Annular tautomerism: experimental observations and quantum mechanics calculations

  • Aurora J. Cruz-Cabeza
  • Adrian Schreyer
  • William R. Pitt


The use of MP2 level quantum mechanical (QM) calculations on isolated heteroaromatic ring systems for the prediction of the tautomeric propensities of whole molecules in a crystalline environment was examined. A Polarisable Continuum Model was used in the calculations to account for environment effects on the tautomeric relative stabilities. The calculated relative energies of tautomers were compared to relative abundances within the Cambridge Structural Database (CSD) and the Protein Data Bank (PDB). The work was focussed on 84 annular tautomeric forms of 34 common ring systems. Good agreement was found between the calculations and the experimental data even if the quantity of these data was limited in many cases. The QM results were compared to those produced by much faster semiempirical calculations. In a search for other sources of the useful experimental data, the relative numbers of known compounds in which prototropic positions were often substituted by heavy atoms were also analysed. A scheme which groups all annular tautomeric transformations into 10 classes was developed. The scheme was designed to encompass a comprehensive set of known and theoretically possible tautomeric ring systems generated as part of a previous study. General trends across analogous ring systems were detected as a result. The calculations and statistics collected on crystallographic data as well as the general trends observed should be useful for the better modelling of annular tautomerism in the applications such as computer-aided drug design, small molecule crystal structure prediction, the naming of compounds and the interpretation of protein—small molecule crystal structures.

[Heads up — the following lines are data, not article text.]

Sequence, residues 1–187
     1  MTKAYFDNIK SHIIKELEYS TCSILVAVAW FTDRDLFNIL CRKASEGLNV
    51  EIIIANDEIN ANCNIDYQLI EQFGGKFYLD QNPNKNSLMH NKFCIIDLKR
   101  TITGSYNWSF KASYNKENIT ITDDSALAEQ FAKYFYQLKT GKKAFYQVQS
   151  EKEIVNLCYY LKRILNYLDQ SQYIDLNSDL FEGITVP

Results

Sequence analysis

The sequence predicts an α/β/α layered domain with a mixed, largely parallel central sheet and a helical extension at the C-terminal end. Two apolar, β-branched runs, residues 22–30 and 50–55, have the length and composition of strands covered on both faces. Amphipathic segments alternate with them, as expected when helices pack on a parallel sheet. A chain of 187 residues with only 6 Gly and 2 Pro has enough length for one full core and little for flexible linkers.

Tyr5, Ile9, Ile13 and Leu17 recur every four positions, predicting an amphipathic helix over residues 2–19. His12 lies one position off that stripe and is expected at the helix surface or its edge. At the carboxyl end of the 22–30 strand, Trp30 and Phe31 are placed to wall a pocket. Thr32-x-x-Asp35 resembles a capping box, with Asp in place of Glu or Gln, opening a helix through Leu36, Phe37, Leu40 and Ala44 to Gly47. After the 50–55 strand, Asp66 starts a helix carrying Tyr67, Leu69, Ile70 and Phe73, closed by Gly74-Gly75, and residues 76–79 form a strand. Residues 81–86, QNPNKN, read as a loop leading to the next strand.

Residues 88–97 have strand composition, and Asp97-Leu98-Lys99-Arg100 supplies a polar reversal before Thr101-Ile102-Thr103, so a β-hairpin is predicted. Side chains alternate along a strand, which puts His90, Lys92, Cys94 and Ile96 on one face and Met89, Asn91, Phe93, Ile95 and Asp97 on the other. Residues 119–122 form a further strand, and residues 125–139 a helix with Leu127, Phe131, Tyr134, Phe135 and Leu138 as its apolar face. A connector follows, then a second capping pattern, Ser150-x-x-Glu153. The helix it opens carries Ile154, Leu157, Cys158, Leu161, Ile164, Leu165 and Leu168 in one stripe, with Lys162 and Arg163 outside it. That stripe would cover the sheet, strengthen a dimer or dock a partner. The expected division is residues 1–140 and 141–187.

Quantum mechanics Semiempirical Crystallographic data Chemical nomenclature Molecular modelling Chemical structure enumeration Tautomers Tautomeric equilibria 



AJCC thanks the Pfizer Institute for Pharmaceutical Materials Sciences for funding. WRP thanks UCB Celltech for funding his secondment to Professor Tom Blundell’s group. Thanks also to Dr Yvonne Martin for her encouragement and invitation to submit a paper in this subject area


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Copyright information

© Springer Science+Business Media B.V. 2010

Authors and Affiliations

  • Aurora J. Cruz-Cabeza
    • 1
  • Adrian Schreyer
    • 2
  • William R. Pitt
    • 2
    • 3
  1. 1.The Pfizer Institute for Pharmaceutical Materials ScienceThe Cambridge Crystallographic Data CentreCambridgeUK
  2. 2.Department of BiochemistryUniversity of CambridgeCambridgeUK
  3. 3.Department of Medicinal ChemistryUCB CelltechSloughUK

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